So, at some point in the near future, possibly Friday, Apple will release its next update to its iOS devices, iOS 4. This is supposed to be a unifying update bringing the iPad, the iPhone, and the iPod Touch all together, in what many anticipate as a road that leads to some sort of merging or mashing up of OSX and iOS in the future. But after I posted about this possibly coming this week, I started thinking about getting ready for the update.
That thinking made me realize just how far Apple has to go when it comes to pushing updates to its mobile devices. I don’t use an Android device, so I have no experience with Android’s over the air updates. But with Apple and its umbilical chord to iTunes, we’re not only looking at having to download and install the update through a computer, but we’re usually looking at an iTunes update as well. Talk about tedious and time consuming. I may be going to far, but Apple’s iOS updates are fast approaching the same kind of tedium that one associates with setting up a new Windows computer. We’re also potentially looking at an OSX update (OSX 10.6.5) that apparently allows for the AirPrint (maybe, maybe not) and other features to work together with the iOS devices. So, in my case, I’m backing up my MacBook Pro, which is the device that my iOS devices are tied to. But before I do those backups I make sure my iOS devices are backed up there first.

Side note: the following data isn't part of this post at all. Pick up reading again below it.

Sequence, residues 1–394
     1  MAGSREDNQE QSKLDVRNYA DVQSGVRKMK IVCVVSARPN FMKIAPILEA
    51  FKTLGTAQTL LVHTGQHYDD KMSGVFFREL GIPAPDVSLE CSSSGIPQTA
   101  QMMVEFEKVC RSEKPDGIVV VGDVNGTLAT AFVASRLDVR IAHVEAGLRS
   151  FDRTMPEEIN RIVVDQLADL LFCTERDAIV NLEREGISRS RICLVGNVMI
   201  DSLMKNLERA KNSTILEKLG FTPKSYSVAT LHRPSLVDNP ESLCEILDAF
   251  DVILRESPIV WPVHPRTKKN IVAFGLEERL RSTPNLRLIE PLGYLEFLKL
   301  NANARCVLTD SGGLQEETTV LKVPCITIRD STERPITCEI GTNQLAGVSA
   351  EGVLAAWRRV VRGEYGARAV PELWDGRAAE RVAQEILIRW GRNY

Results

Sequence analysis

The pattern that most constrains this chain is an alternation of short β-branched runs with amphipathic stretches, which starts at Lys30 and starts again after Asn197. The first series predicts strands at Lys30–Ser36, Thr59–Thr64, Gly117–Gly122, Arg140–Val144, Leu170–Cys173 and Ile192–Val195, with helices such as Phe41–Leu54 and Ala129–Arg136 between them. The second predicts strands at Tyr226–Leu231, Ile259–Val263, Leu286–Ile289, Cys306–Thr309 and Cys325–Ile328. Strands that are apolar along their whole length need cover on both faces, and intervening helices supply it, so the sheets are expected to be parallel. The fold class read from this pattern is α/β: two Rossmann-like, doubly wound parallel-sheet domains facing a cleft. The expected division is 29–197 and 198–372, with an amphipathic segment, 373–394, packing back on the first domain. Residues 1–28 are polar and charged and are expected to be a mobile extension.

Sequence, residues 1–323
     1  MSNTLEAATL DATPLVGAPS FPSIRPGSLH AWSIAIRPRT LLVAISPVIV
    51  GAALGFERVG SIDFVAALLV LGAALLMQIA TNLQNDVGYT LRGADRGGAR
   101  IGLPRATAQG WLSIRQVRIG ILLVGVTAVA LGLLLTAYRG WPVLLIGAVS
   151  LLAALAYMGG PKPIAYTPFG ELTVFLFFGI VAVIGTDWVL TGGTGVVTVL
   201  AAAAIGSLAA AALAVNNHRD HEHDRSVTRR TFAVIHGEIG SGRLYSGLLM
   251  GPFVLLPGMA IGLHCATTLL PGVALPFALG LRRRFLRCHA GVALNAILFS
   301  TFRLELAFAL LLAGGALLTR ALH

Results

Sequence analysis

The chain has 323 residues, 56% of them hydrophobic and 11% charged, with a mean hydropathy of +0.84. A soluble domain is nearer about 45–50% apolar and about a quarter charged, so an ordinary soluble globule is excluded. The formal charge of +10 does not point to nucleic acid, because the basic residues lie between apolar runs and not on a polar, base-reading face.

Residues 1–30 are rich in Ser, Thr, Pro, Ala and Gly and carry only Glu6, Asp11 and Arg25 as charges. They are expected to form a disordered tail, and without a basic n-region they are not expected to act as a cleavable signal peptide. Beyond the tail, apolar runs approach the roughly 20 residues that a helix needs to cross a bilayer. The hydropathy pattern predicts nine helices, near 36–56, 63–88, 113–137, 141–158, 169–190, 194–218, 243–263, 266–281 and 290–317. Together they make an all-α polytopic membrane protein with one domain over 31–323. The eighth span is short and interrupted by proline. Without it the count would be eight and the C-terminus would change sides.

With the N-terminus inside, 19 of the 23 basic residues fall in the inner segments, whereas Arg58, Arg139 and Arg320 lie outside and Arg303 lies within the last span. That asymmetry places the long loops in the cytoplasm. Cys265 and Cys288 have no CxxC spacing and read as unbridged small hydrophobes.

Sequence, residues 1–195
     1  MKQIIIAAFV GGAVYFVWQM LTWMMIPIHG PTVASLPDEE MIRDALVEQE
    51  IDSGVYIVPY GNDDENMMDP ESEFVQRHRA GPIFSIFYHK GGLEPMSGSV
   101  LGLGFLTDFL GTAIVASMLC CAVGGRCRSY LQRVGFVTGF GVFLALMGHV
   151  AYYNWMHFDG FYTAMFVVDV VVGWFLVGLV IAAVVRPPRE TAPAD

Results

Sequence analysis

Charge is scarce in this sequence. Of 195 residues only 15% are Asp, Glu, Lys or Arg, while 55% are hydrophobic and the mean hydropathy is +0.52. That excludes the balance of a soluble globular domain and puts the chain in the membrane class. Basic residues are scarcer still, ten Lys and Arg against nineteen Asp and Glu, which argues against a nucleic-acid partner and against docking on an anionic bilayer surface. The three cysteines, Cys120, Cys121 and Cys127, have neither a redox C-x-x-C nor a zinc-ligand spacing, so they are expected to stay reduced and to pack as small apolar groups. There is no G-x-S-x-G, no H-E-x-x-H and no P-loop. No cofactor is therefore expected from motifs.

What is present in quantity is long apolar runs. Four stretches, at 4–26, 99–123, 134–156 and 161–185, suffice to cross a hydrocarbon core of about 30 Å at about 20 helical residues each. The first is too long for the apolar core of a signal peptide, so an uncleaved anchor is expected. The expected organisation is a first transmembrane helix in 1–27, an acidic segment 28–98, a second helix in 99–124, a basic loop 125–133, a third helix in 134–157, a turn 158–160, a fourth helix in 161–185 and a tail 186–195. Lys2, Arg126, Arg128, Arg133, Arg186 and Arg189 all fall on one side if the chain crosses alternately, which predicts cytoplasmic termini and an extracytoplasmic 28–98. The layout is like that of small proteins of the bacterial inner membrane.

Overly cautious? I don’t think so. OS updates have been known to have issues (not just Apple’s) and it is better to be safe than sorry when you mess with the guts of any machine. But the fact remains that Apple’s hugely successful mobile devices still require users to reconnect the umbilical chord to a computer to move forward with the platform. While that seems counter intuitive for a mobile device, there is a benefit. If you take the time to back things up, you at least have that data somewhere else in your possession. But wait, you say, what about the cloud? Google backs up your data in the cloud and syncs it back down after an update. Yes, that’s true and hugely beneficial to Android users. I may be wrong on this next statement, but I’m guessing that’s not the case with bandwidth sucking media though and there’s still some tethering going on there. But it points up another front where Apple lags behind. Apple’s MobileMe service will handle your contacts, email, photos, calendars, etc.. and you can sync them down from there. But that service still costs $99 a year, and to put it kindly is a weak stepchild compared to Apple’s other initiatives and has been known to be unreliable. That said, rumors suggest that may be changing when Apple’s new North Carolina data farm comes on line. If Apple is ever going to sever its umbilical chord that can’t happen too soon from a competition standpoint.
UPDATE: Steve Jobs is apparently responding to the AirPrint issue. This is apparently from an email exchange:
Q: As a release-day purchaser of an iPad, I was elated when you revealed iOS 4.2 would support AirPrint. Now comes reports AirPrint support has been pulled from 4.2. Between announcements/assurances of the white iPhone, and now the pulling of AirPrint, is Apple going to lose credibility and become known for announcing “vaporware”?
A: AirPrint has not been pulled. Don’t believe everything you read.
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